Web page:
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Tuesday, 6 December 2011

Reborn dolls: stranger than life

A couple of articles in national newspapers over the past few weeks have discussed the strange thing that is the reborn doll. For those who don't know what a reborn doll is, take a look at the photo in the Mail and decide whether you would honestly have known whether that baby was real or not. Reborn dolls are sometimes bought by women who have suffered a cot death or stillbirth or other trauma. In another article, The Guardian's Zoe Williams describes how a reborn doll taken into an old people's home calms and soothes some of the women. There's obviously a deep need for women to hold infants in their arms and if a real baby isn't there, the doll can carry out this role. All perfectly harmless; more than this: a good thing, perhaps.

And yet many people find the dolls sinister. They are certainly fascinating.

A reborn doll plays a small but key role in The History Room, which will be published in May 2012. And I now have a cover to share.

Wednesday, 21 September 2011

The photo moment

I had the photo moment a month or so back. It comes when someone: an agent or marketing person or conference organiser wants a picture of an author. If you're male or young and gorgeous, or have people always taking great photos of you, this is not a problem. You wing back a photo by return. Job done.

Most female writers I know, even the gorgeous, do not find the photo business as effortless. Having a photo taken can be angstful. It's not enough, if you're a woman, just to produce something that looks vaguely like you. An author I know in the States used to talk about having Botox before she was captured on film. I don't know if she was serious. Half of you thinks, why do I have to worry about something that's nothing to do with how good or not I am at writing? The other half knows that this is a visual age. Image matters. Even if you're middle-aged and not selling yourself on your looks (haw).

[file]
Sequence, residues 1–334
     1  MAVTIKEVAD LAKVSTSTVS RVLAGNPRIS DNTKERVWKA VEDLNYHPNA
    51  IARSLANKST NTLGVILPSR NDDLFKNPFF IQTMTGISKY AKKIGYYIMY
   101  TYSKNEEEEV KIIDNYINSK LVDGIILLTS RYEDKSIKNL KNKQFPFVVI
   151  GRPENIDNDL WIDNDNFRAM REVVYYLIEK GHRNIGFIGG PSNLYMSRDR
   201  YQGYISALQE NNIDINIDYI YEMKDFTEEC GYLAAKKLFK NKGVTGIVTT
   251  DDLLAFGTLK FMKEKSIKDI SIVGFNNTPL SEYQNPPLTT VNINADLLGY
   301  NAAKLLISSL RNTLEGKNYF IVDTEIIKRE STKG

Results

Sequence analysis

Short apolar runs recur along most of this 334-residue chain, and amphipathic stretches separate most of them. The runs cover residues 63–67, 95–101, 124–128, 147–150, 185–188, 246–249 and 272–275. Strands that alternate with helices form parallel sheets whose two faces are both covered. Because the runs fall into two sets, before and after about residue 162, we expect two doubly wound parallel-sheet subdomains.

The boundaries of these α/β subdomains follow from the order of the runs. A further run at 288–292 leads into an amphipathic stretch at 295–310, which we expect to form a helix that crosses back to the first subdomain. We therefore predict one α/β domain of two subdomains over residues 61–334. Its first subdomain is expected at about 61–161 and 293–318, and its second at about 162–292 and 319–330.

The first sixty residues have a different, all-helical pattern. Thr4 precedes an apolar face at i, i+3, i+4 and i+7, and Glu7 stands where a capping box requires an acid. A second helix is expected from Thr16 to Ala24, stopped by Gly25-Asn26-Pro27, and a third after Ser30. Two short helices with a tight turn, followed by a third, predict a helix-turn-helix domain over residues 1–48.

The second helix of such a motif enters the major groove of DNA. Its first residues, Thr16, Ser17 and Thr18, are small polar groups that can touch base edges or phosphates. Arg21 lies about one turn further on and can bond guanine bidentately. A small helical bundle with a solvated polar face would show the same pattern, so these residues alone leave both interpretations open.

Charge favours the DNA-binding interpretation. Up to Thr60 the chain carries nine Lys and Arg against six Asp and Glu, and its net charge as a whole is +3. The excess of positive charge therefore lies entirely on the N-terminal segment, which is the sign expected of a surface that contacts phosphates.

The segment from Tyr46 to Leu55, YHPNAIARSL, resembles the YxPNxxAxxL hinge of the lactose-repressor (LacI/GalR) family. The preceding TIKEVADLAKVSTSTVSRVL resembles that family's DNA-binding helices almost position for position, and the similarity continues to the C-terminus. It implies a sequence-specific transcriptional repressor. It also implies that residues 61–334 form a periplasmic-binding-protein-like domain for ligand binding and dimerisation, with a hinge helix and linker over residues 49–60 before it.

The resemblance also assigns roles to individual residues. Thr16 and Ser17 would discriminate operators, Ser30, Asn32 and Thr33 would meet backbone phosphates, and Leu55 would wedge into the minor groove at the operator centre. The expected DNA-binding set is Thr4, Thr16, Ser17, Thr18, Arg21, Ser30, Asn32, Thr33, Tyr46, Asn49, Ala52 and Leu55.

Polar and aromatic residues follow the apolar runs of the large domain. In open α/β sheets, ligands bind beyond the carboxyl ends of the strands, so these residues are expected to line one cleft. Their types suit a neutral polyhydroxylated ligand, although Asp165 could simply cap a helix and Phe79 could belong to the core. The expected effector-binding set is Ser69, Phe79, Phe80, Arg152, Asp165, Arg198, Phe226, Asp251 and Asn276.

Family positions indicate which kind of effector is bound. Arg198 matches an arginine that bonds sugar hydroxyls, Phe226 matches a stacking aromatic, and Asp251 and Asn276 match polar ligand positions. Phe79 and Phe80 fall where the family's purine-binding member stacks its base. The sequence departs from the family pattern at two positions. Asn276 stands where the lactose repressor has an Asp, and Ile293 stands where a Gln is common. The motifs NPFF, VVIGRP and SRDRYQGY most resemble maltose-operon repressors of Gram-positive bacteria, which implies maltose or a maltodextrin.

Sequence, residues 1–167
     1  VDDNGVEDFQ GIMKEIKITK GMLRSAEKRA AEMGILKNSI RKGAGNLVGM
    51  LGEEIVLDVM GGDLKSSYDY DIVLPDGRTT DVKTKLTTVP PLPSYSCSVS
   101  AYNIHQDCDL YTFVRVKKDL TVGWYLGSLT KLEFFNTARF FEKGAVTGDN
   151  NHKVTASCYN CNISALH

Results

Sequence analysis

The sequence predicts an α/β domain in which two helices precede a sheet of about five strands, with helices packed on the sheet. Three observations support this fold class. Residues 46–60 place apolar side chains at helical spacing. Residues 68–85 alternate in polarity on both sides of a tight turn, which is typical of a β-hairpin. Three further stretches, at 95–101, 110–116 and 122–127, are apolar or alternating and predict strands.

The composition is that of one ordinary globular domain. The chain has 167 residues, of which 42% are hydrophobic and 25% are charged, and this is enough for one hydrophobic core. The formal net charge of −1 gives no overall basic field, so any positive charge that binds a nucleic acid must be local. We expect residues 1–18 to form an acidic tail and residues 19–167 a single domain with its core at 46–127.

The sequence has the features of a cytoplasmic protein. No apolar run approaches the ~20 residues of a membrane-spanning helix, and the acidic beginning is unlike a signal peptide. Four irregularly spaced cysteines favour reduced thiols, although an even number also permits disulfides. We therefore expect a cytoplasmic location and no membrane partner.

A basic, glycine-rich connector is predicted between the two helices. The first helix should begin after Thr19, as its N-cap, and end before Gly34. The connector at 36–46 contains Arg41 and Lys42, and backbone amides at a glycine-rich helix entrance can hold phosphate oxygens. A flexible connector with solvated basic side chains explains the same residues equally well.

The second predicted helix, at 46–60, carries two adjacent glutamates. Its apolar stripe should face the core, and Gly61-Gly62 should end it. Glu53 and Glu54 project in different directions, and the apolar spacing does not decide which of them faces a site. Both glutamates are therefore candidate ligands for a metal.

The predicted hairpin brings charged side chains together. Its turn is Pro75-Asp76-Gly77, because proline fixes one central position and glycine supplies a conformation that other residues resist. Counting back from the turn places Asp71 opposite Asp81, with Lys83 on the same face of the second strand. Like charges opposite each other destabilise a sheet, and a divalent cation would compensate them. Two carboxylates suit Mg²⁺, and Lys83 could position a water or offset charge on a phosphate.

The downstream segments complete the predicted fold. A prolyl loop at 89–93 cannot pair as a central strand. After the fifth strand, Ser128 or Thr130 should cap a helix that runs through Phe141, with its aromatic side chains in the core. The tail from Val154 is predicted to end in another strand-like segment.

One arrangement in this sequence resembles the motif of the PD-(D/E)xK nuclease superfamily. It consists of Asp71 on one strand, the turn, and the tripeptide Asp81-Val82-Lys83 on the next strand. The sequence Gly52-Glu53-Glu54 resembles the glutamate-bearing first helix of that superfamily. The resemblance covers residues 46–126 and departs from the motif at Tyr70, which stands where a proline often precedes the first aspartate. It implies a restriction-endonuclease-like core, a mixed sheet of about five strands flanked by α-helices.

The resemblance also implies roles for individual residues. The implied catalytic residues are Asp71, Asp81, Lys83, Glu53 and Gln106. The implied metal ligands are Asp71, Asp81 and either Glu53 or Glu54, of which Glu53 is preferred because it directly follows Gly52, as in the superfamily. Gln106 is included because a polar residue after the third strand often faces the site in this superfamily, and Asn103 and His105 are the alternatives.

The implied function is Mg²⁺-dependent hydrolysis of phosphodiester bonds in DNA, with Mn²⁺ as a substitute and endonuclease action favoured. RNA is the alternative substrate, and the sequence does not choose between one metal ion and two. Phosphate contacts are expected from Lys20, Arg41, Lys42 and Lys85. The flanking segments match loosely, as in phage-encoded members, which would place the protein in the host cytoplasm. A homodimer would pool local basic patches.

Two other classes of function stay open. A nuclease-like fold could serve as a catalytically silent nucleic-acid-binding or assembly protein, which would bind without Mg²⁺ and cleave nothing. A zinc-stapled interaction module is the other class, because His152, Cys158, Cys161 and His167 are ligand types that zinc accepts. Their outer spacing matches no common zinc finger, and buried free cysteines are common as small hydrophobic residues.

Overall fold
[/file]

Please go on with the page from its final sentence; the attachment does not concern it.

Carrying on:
I've known for a while that the photos I've been using either show me as rather, erm, younger than I am now or are not technically suitable for some of the things they need to do: such as being enlarged to go on an event poster. So I added 'Find good photographer' to my list and asked a mate, PR consultant Jane Parritt, for names to conjure with and Jane suggested Anna McCarthy.

Anna and I met at her Barbican base and spent a morning talking about children, education, why we prefer to wear trousers rather than skirts, the riots and whether it's possible to earn too much money (possibly).

And we took some photos of me. And the whole thing was fun. And now I've got some great photos of me that show me as I am. If you need photos of yourself, your wedding, your family celebration, or your children, do have a look at Anna's website. I'll be swapping over the little picture on this blog for the new photo very shortly.

Tuesday, 13 September 2011

Wantage Betjeman Festival

I was very pleased and flattered to be asked to speak at the inaugural Betjeman Festival in Wantage, yesterday. As you can see, Sir John and I carefully co-ordinated clothing colours, and here we are sharing a joke. If you're near Wantage this week, do have a look at the programme.

Sunday, 24 July 2011

The Herring on the Nile

A few weeks ago (this post should have been written ages ago) I went down to Goldsboro Books to Len Tyler's book launch for his latest 'Herring' novel: The Herring on the Nile.

Just in case anyone had missed the geographical reference Len himself was wearing a very dashing red fez. In the photo he's sadly NOT wearing the fez, and neither is our editor, Will Atkins (right). But they both still look very dashing.

I think 'Nile' is the best herring book to date: funny and as elegantly constructed as a good gin and tonic drunk at sundown on a Nile paddle steamer. I had several laugh-aloud moments on the train journey back to Didcot. I think that says it all, really.

Goldsboro Books in its expanded premises was looking wonderful. Definitely a place to visit if you're looking for a really special literary present for a signed first-edition book lover.

Monday, 18 July 2011

The anxiety of influence

I first came across the term 'anxiety of influence' when I was at university, writing essays about how poets felt inhibited by the weight of literary tradition that came before them. How could you write anything after Milton or Shakespeare or Wordsworth? I read the Harold Bloom book and nodded in a vague, theoretical kind of way.

But now I get the point. I've been rereading Sarah Waters. In particular, The Night Watch. Why bother? When someone can write so beautifully, with such an ear for period detail, and such a voice for her characters, is there any point in anyone else trying to write?